If you’re a corporate CIO, you care enormously about your company’s profitability. But how much should you really care about your supplier’s profitability? Here’s an original idea: If you want to dramatically cut your costs, dramatically cut their profits. This is a buyer’s market. Go for it.
That insight was inspired by a recent front-page profile in The Wall Street Journal about a cost-cutting telco CIO with a python’s flair for squeezing his suppliers. Need a router or a RAID? Verizon’s CIO encourages his people to check on eBay to price boxes before their vendor negotiations.
“It’s as if you now have a stock market for servers,” he gushed. He’s also launched an “Offware” program that invites software vendors to present discount-licensing schedules to “off” their business rivals. He told HP, IBM and Sun that their share of Verizon’s spending would depend on how low their prices were. “All three immediately lowered their prices 25 percent. Then Sun and HP decided to slash maintenance charges,” the Journal reported.
But wait! There’s more—or less, actually. At a meeting where one of his direct reports insisted that the company “did such a phenomenal job of vendor-squeezing in 2002 that there’s not much more to squeeze,” the CIO bluntly responded: “See how much you can push things.”
There are two ways to read this piece of news: The first is a fist-pumping, “Yes! What goes around, comes around, and we need the savings.” The second is, “Wow, I wonder what happens after the deal gets signed.” This column is about the second reaction. After all, CIOs don’t merely procure information technologies. They have to implement them.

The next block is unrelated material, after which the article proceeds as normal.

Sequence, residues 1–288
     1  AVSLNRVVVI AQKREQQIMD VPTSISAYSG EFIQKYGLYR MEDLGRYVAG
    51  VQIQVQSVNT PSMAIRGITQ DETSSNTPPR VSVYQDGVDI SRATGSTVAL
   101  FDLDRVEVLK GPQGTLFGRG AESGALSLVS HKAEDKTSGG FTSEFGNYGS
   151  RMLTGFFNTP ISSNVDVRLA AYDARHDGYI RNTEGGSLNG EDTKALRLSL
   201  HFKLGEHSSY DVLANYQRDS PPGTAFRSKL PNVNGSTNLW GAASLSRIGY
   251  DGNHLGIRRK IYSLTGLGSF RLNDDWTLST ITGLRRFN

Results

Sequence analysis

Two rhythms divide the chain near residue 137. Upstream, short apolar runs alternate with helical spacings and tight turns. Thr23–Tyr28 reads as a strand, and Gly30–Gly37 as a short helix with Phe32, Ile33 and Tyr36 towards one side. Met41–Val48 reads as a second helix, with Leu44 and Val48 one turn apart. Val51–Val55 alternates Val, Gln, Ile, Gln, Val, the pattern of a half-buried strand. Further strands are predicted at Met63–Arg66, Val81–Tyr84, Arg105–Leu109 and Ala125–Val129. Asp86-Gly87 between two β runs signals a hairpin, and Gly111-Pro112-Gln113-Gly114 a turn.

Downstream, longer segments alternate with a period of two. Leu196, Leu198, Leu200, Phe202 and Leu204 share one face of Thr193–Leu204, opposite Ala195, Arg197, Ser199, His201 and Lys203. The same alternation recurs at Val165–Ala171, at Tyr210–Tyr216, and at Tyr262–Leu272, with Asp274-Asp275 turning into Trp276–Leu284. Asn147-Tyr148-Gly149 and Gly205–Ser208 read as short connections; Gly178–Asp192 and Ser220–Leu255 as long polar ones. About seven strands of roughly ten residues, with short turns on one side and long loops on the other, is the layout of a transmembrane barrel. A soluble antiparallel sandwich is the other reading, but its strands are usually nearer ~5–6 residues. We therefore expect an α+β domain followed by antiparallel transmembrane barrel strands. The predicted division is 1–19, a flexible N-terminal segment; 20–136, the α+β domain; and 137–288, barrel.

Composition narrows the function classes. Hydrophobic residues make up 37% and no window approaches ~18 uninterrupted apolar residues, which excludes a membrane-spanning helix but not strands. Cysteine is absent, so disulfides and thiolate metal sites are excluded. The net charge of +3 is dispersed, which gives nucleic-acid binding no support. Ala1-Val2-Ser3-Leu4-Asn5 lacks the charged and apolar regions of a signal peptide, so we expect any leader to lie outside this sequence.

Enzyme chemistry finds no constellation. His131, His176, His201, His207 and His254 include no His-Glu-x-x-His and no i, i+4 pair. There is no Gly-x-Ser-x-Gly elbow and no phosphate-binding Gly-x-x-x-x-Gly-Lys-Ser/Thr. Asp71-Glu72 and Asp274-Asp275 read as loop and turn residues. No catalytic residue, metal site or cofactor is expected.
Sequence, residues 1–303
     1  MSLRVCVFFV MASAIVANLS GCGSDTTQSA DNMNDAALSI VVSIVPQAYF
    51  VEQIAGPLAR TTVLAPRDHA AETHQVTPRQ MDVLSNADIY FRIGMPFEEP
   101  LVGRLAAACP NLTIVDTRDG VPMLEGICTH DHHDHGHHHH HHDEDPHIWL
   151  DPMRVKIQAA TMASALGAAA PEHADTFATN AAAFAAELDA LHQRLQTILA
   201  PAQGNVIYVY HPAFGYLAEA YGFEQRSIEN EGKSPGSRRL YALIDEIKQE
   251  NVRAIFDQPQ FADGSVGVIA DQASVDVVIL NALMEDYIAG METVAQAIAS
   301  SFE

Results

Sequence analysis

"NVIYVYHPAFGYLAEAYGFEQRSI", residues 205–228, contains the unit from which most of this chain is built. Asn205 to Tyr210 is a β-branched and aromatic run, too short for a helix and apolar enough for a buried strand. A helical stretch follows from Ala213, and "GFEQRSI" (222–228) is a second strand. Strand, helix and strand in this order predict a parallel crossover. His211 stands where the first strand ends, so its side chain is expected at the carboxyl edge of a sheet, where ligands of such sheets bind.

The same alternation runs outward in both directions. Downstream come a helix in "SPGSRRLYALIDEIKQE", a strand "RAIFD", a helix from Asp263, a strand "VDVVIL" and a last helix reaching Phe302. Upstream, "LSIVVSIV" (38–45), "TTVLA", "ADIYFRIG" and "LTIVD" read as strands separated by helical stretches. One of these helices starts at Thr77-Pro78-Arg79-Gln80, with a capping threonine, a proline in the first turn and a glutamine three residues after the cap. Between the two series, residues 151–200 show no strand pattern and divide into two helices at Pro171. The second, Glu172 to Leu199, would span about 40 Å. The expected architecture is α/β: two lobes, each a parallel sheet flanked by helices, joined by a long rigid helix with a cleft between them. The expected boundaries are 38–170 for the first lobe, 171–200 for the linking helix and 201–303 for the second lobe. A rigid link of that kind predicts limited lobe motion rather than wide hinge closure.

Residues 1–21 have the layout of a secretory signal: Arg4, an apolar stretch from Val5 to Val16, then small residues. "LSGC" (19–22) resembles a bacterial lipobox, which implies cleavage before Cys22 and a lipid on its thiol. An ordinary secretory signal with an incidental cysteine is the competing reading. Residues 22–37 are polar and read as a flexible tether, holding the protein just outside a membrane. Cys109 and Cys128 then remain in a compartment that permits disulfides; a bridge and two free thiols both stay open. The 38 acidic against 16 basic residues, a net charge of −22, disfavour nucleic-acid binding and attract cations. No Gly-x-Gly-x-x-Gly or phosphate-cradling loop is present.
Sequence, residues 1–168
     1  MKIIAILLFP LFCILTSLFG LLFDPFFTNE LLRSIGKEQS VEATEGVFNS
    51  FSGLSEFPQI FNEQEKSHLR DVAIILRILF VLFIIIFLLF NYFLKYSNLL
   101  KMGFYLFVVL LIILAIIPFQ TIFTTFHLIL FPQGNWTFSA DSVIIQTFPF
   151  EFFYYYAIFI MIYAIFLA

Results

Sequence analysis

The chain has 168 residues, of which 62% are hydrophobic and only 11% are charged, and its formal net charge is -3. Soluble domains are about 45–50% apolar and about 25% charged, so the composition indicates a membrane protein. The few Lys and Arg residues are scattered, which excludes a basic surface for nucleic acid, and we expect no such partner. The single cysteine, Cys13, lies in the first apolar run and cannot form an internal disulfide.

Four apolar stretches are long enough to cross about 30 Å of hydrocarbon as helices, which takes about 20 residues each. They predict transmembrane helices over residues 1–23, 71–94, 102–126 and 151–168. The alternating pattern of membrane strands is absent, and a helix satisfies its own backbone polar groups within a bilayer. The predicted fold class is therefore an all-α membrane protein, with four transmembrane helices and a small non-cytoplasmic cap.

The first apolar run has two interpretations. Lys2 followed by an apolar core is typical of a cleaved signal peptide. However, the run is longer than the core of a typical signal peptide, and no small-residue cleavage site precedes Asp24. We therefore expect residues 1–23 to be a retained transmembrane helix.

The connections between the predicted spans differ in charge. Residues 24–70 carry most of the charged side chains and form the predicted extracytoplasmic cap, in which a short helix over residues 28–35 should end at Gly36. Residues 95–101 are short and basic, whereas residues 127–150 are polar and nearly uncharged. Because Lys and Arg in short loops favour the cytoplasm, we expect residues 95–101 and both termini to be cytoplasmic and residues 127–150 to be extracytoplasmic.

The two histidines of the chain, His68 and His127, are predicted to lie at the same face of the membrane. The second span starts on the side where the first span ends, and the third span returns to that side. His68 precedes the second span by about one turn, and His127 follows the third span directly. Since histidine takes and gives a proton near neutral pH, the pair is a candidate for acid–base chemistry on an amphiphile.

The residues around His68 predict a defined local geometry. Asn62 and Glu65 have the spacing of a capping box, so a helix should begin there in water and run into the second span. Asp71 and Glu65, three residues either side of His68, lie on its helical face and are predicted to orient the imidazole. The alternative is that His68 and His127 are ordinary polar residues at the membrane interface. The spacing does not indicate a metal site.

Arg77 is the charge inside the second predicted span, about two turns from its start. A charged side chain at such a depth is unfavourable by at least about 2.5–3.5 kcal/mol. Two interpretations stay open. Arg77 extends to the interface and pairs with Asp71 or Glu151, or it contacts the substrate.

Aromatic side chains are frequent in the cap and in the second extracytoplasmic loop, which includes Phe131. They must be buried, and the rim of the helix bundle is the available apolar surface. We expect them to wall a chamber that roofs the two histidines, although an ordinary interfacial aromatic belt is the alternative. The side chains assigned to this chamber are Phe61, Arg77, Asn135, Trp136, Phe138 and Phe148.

There’s nothing illegal or immoral about squeezing suppliers. It can be an excellent business practice. But it defies human nature to believe that a vendor that has been low-balled, dropped to its knees and capitulated to even the most bizarre buyer demands in a bid to get the business won’t be constantly on the lookout for ways to make its money back. There is a point where the perceived sense of economic fairness is violated. That’s the point at which the extra squeeze creates dangerously false economies. Penny-wise, pound foolish.
I know one company that put the screws to a vulnerable supplier—a network vendor that, in fact, had consistently gone the extra mile in customer support even during the apex of the telecom bubble economy—and renegotiated prices down by one-third. The vendor literally begged to limit the price cuts to 25 percent. The customer declined. The desperate vendor caved. But customer support is now largely e-mailed attachments of technical manual excerpts and hotlinks to relevant FAQs. Crises are handled within 48 hours instead of an afternoon. The two companies hate each other. A friend who works with the customer CIO confided that all of their hard dollar savings had vanished within 100 days of the renegotiation.
“We screwed them, and they screwed us,” he says. “It’s a draw.” Intriguingly, the CIO still looks good inside the organization for driving such a hard bargain with a key vendor. But that’s only because he’s been able to pass the increased support costs to the business units in a way that buries their true origins.
To be sure, no CIO is obligated to care about a vendor’s profitability or cash flow. I could make a very good case that the financials are the supplier’s business model issue, not the CIO’s. But I won’t because that would ignore the realities of implementation. Implementations are about managing relationships, not consummating transactions. When a vendor is prepared to slash prices 30 percent, my reaction is not, “Gee, they’re desperate—and what lush margins they have.” It’s, “Gee, they’re desperate—what are they going to do to us to make up for these givebacks? How are they going to make me pay?”